Can The Brain Recover After Drug Use?
From cocaine to methamphetamine, many addictive substances can permanently affect your brain. Stopping and making a genuine effort to remain sober can help you improve. Learn more about brain recovery after drug use in this article.
Proof that Drug Use Affects the Brain
There is overwhelming evidence that consistent drug use can leave a permanent impact on the brain. While this is true for a wide range of addictive substances, some of them affect the brain in different ways. Using advanced equipment, scientists are able to measure brain activity of addicts and clearly highlight the areas where brain function is decreased due to drug use.
An Example: How Cocaine Rewires the Brain
The effect of cocaine on the brain sheds light on how addictive substances can completely change your way of thinking. As shown in both animal studies and research on the brain, cocaine ultimately affects your ability to feel happiness and a sense of reward. Here’s how it works:
Addiction Changes Your Ability to Be Happy
Our ability to feel happiness or a sense of accomplishment comes from hormones. When dopamine or oxytocin are released, it leads to positive feelings that we would normally get from being social, achieving meaningful goals, or other natural methods. When first taking cocaine, or other addictive substances, it sends a surge of dopamine that lasts longer than usual, creating a strong, yet false, sense of pleasure.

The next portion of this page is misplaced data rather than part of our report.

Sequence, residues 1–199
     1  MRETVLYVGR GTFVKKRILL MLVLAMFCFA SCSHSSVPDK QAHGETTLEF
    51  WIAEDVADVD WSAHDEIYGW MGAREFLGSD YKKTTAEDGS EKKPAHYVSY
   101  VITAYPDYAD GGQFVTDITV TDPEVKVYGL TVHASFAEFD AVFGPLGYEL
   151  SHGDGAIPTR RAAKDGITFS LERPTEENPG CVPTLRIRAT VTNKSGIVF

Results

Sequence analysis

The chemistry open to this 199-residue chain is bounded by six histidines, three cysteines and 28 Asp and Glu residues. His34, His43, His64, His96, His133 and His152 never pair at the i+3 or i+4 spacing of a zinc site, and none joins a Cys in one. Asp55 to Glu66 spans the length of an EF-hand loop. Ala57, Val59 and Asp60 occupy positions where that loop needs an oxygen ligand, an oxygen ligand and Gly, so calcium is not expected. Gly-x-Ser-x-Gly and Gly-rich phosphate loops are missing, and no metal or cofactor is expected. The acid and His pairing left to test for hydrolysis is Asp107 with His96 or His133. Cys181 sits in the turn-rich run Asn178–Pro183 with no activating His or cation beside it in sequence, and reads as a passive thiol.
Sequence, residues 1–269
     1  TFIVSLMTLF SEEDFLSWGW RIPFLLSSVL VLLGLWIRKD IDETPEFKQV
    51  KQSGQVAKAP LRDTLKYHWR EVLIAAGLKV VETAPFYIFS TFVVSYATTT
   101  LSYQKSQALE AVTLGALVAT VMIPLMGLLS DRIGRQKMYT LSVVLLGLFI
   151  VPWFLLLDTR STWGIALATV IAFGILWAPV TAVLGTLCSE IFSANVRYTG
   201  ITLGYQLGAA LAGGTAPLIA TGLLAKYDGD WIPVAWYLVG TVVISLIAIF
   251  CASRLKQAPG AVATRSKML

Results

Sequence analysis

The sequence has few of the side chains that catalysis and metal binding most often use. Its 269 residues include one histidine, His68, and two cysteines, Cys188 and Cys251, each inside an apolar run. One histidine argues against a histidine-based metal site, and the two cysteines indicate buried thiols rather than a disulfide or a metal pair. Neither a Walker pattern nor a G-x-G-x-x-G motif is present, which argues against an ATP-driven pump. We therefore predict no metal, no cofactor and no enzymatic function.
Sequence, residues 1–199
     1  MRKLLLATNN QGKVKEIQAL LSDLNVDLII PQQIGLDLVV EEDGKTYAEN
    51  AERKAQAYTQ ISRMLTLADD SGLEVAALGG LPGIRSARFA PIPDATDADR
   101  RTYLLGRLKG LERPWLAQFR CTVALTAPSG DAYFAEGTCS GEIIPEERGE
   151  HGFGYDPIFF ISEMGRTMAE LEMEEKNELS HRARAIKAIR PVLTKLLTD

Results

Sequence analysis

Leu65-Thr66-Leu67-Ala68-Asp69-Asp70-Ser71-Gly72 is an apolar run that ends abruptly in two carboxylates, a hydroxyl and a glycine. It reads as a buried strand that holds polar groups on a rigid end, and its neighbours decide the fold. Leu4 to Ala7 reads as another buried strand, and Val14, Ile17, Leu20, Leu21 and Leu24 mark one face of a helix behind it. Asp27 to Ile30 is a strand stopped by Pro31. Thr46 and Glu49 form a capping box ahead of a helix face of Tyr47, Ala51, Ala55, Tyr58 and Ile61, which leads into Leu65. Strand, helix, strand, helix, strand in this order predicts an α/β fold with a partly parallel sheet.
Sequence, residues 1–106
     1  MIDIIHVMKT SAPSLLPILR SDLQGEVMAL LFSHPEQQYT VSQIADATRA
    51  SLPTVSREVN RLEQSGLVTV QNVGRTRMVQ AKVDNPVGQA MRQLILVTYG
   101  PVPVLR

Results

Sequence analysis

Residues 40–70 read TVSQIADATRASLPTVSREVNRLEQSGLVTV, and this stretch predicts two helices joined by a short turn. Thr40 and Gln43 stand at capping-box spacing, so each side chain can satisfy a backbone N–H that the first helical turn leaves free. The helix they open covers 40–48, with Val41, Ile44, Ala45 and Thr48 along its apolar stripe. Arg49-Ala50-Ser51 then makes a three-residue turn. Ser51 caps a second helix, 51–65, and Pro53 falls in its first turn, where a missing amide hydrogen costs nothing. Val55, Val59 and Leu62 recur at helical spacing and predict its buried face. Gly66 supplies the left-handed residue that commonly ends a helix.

However, to reach that pleasurable state takes a stronger dose, and your tolerance builds up with each successive use. Before long, the addict is using their chosen drug just to feel normal again. Even worse, the addict’s brain has been trained to only experience happiness from this external substance, so the normal pleasures in life can’t trigger a dopamine response any longer. This is the downward spiral of addiction.
Does the Brain Recover As You Become Sober?
While your brain may never be 100% as it was before you began using drugs, it can recover after drug use with every day of sobriety. Considering your goals, loved ones, and other things that may give you purpose may be the stimulation you need to fight your addiction and truly become sober. Over time, the small things in life can become pleasurable again, and your brain can be significantly healthier and more functional.
We Can Help You On Your Path To Sobriety
Whether you do it for your own happiness, loved ones, or some other cause, there are many great reasons to seek recovery. Drug abuse changes your brain chemistry, but with a strong effort toward recovery, you can maximize your brain function and live up to your potential. If you need a peaceful atmosphere in which to work through your 12 Step Program, contact Myrtle Beach Recovery today to schedule a tour of our facility. We look forward to meeting you.